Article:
Legal geography investigates the co-constitutive relationship of people, place and law. The cross discipline proceeds from the premise that the legal co-creates the spatial and the social while the social and the spatial co-create the legal. There is reflexivity. Once we accept this premise, however, the hard work begins. How do we work out what 'work' legal provisions and practices are doing, how do their spatial and social settings inform them? And how are different aspects of legal practice creating spaces - how do municipal regulations determine 'amenity', how do banking rules affect the provision of homes and, my favourite, how do property rules and practices govern?
To explore these questions I've been working with Luke Bennett on trying to both understand how legal geographical techniques can be used to explain and explore case studies, in local governance, housing, public space or property. Our essay "Legal Geography: Becoming Spatial Detectives" is available here.
Luke and I have also worked together to put together sessions on Legal Geography at the Royal Geographical Society (RGS) annual conference in London each year. Here is the call for 2013 and here is the call for 2014. We have co-edited a special edition of the International Journal of Law and the Built Environment with papers from the 2013 RGS conference, which is available here.
Lastly, I've been bringing together my work on legal geography and public space as well as an interest in how to 'do' legal geography rather than write about it. In Freedom of Expression and Spatial (Imaginations of) Justice (available here) I highlight the the lack of a spatial understanding of justice in European legal space(s). The chapter focuses a case study from the ECtHR: Raël v Switzerland (2012), moving on from the starting point for legal geography that law, space and society are mutually constituted and reflexive. It draws on the work of Henri Lefebvre and Hannah Arendt to explore how spatio-legal imaginations underpin legal decision-making and that without accepting that decisions of doctrine also draw on the lived, phenomenologies of public space, where spatiality thickens and thins, we cannot truly understand how these decisions are being made.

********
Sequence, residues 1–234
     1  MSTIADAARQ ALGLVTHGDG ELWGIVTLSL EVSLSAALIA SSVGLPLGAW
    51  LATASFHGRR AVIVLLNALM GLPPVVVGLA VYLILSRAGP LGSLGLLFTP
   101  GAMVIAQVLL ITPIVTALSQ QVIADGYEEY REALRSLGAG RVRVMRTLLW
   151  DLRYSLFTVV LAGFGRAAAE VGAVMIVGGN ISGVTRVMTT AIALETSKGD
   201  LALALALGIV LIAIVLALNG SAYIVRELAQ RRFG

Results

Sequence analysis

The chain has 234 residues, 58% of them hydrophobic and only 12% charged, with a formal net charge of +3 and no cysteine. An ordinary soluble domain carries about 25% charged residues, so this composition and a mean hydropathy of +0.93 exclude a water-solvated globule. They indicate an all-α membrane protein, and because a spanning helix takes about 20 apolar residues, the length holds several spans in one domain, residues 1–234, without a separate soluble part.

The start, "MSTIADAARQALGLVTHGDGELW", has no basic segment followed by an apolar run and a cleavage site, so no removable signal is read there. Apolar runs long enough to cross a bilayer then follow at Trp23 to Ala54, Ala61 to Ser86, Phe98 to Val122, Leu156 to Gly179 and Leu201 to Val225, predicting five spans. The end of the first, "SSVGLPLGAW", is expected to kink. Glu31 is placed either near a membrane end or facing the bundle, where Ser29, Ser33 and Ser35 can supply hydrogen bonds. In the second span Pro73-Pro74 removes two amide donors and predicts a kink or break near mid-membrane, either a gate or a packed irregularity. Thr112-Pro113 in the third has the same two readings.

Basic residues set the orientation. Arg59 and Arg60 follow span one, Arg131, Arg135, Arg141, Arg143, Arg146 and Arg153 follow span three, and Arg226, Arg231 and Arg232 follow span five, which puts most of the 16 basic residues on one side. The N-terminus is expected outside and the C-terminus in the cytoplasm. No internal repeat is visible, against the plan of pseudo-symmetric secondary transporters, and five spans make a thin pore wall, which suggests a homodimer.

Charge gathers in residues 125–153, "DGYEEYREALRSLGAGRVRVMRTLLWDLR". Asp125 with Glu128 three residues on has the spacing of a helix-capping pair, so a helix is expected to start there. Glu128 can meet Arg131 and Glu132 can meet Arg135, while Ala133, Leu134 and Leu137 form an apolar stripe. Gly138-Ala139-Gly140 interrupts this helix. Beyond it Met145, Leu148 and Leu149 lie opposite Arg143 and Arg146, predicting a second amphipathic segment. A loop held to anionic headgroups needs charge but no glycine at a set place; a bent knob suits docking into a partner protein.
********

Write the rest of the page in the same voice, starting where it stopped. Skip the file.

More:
To put it rather reductively, the key contribution in this paper is to explain how legal geography works from the site up as well as from the text down. It suggests that the legal decision, the space and the social context in which this dispute took place, are all mutually constitutive. All the judgments are spatially inflected, whether expressly (as in the minority dissents) or in an apparently lack of appreciation of spatiality (as in the majority decision, suggesting instead that this is a dispute about the allocation of municipal billboards). The chapter contributes to Europe's Justice Deficit? (Hart, 2015) a collection of essays edited by Dimitry Kochenov, Gráinne de Búrca and Andrew Williams.